The substantial decline of the B767-300ER in the US – not helped by American Airlines retiring the type – means that the gap between the aircraft and the heavier -400ER has narrowed greatly. The B767-400ER, use of which has barely changed in the past decade, is deployed on 51 routes this summer. There are 18 active aircraft, with Delta using all but one.
The B767-400ER has always played second fiddle to the smaller B767-300ER in the US, but the pair are coming closer together in use. This summer, just 3.8 million seats separate them, down from nearly 11 million in 2011 and 7.6 million in pre-pandemic 2019.
The B767-200/200ER, meanwhile, is now almost extinct in scheduled passenger service, with only Eastern Airlines using it. However, the aircraft played an important role in American’s network, although its end came in 2014 following the introduction of the A321T.
The big and pronounced decline of the 763 has aided the closing gap with the heavier 764. This was helped in no small measure by American Airlines retiring the type in 2020. This summer, just eight airlines will use 763 to, from, and within the US, including Austrian, down from 17 airlines in summer 2019 (S19).
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The decline of the 763
The B767-300/300ER had 14 million seats touching the US in S11. Some 24 airlines used it, with American the leader with almost five million. American deployed it on 32 routes, particularly from Miami, Dallas Fort Worth, and JFK. 20 of those 32 routes were international, and again Miami was the top airport.
Not surprisingly, the 763 has typically been used more internationally than domestically. Across all carriers, almost six in ten seats were abroad in S11, which increased to just shy of nine in ten by S19. In that pre-coronavirus year, 17 airlines used it on international trips to/from the US. Delta was by far the leading operator by then, with Detroit to Paris CDG the top route.
How things have changed
S21 shows how things have changed. With so many border closures, quarantines, uncertainty, and more, the proportion of international flights by the 763 has scaled back dramatically to just over half. Indeed, previous analysis by Simple Flying found that domestic widebody use this summer has risen by 12%, with the B767-300ER the most common type.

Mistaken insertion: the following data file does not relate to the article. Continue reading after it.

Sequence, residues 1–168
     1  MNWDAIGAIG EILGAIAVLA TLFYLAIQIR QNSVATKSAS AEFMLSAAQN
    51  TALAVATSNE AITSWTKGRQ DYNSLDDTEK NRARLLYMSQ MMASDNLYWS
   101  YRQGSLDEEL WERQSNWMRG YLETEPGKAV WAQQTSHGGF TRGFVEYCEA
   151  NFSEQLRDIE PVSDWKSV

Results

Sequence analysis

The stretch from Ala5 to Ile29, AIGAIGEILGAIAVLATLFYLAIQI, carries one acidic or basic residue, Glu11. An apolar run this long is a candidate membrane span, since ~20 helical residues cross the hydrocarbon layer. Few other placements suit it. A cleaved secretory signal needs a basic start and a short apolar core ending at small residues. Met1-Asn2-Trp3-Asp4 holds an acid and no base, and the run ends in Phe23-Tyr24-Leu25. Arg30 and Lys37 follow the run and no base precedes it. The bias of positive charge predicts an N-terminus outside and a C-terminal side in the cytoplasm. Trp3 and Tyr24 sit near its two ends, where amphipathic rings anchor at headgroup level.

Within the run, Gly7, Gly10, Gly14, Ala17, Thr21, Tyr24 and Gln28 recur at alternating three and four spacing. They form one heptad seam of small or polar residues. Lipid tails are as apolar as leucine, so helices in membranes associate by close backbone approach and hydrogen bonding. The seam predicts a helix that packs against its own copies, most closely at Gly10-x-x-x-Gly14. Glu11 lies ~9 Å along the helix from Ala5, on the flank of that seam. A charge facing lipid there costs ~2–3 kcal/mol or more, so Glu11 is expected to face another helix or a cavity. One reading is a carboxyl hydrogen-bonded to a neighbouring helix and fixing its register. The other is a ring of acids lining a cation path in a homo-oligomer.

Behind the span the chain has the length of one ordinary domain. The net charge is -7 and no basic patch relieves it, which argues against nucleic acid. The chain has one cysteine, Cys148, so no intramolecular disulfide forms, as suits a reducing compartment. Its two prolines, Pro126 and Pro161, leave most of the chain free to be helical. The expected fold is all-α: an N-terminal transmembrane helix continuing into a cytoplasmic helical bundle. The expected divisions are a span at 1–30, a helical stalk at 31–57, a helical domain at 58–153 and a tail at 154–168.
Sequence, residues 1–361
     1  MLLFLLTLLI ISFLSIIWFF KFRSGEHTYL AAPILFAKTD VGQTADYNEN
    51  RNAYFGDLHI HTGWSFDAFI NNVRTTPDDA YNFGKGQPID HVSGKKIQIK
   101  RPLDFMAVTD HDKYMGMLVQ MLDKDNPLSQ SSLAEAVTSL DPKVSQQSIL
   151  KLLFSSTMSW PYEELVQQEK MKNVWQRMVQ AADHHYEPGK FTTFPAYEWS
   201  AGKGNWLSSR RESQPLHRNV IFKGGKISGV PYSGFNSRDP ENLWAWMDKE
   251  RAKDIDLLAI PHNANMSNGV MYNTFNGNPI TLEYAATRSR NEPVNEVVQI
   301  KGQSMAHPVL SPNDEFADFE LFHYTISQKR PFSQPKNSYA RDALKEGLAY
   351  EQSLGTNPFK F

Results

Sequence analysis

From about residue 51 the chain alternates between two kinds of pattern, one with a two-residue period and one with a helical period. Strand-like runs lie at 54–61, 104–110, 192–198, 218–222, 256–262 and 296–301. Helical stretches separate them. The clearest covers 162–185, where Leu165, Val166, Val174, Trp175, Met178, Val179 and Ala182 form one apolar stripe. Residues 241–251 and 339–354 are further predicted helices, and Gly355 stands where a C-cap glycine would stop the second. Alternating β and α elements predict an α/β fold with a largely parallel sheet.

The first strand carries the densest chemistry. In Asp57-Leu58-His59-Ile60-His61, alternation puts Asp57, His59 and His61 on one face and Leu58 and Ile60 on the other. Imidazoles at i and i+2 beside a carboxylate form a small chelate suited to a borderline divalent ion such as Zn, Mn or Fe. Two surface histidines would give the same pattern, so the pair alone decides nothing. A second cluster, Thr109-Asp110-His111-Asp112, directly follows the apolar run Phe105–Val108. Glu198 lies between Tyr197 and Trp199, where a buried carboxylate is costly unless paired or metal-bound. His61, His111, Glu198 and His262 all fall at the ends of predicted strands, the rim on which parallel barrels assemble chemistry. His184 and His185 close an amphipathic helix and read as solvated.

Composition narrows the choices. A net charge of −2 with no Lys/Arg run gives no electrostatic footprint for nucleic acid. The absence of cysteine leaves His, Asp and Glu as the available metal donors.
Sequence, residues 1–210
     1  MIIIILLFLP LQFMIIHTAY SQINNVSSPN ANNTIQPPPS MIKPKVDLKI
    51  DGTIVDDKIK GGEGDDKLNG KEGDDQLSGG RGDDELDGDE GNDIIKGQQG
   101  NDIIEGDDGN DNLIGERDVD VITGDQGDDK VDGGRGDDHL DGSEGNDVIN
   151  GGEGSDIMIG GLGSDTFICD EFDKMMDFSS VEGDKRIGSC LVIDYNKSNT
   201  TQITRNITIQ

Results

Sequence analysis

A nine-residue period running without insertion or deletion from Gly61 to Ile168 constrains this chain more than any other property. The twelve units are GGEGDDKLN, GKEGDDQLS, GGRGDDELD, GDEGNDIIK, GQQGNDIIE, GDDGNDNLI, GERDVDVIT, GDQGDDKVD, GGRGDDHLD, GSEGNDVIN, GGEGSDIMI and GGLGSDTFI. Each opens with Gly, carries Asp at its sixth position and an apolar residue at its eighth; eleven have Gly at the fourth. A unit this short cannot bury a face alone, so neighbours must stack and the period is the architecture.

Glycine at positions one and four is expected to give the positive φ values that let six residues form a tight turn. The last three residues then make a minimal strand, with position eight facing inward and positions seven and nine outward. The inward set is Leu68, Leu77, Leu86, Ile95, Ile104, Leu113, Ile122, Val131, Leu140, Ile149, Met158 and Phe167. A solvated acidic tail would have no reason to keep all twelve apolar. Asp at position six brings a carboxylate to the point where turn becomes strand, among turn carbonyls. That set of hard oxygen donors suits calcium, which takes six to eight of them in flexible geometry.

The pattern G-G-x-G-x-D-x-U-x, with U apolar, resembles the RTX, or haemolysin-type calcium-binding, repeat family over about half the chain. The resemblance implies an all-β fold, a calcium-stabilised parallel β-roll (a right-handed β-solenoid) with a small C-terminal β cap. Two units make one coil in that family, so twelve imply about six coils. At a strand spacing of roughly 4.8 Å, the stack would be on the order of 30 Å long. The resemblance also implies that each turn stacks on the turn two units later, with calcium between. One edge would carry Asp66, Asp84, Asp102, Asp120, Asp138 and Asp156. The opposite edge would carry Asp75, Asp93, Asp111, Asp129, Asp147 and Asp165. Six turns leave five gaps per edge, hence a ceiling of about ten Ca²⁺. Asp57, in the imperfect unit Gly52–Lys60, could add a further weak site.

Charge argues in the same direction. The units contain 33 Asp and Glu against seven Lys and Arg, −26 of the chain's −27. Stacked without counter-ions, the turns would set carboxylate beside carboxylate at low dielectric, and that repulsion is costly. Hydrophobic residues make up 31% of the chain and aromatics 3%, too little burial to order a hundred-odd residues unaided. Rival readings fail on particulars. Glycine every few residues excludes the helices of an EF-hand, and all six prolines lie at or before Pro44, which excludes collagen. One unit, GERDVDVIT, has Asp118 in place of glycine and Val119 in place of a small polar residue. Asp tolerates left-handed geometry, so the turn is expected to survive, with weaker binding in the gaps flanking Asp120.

ch-aviation.com shows that there are currently 111 US-registered passenger 767-300ERs. Of these, 71 – about 64% – are active across six operators, of which only three have scheduled services:
- Delta: 31 active
- United: 22
- Eastern Airlines: four
18 active B767-400s
It’s quite a different picture for the larger -400. According to ch-aviation.com, 37 are US-registered, obviously all with Delta and United. However, only 18 – some 49% – are active, spread across Delta (17) and United (one).
If both operators are combined, there are some 51 B767-400ER routes this summer, of which Delta has 46. Some 19 are from Atlanta, while JFK sees 13, seven international. In contrast, it’s five routes apiece for Detroit, Minneapolis, and Salt Lake City. Simple Flying found that Salt Lake is Delta’s only growing hub.
Where to fly to the -400?
The number-one route for the 764 this summer is JFK to Los Angeles, with the top-15 shown below.
- JFK to Los Angeles
- Atlanta-San Diego
- JFK-London Heathrow
- Atlanta-Salt Lake City
- Atlanta-Las Vegas
- Atlanta-San Juan
- Seattle-London Heathrow
- JFK-Sao Paulo
- Salt Lake-Honolulu
On a random mid-August day, JFK-Los Angeles will have four B767-400ER departures, the same number in 2019. They’ll depart JFK at 07:00, 10:45, 15:45, and 19:10. Returning, they’ll arrive into JFK at 08:30, 17:45, 19:59, and 23:42.
Are you planning to fly the 767 this summer? Let us know in the comments!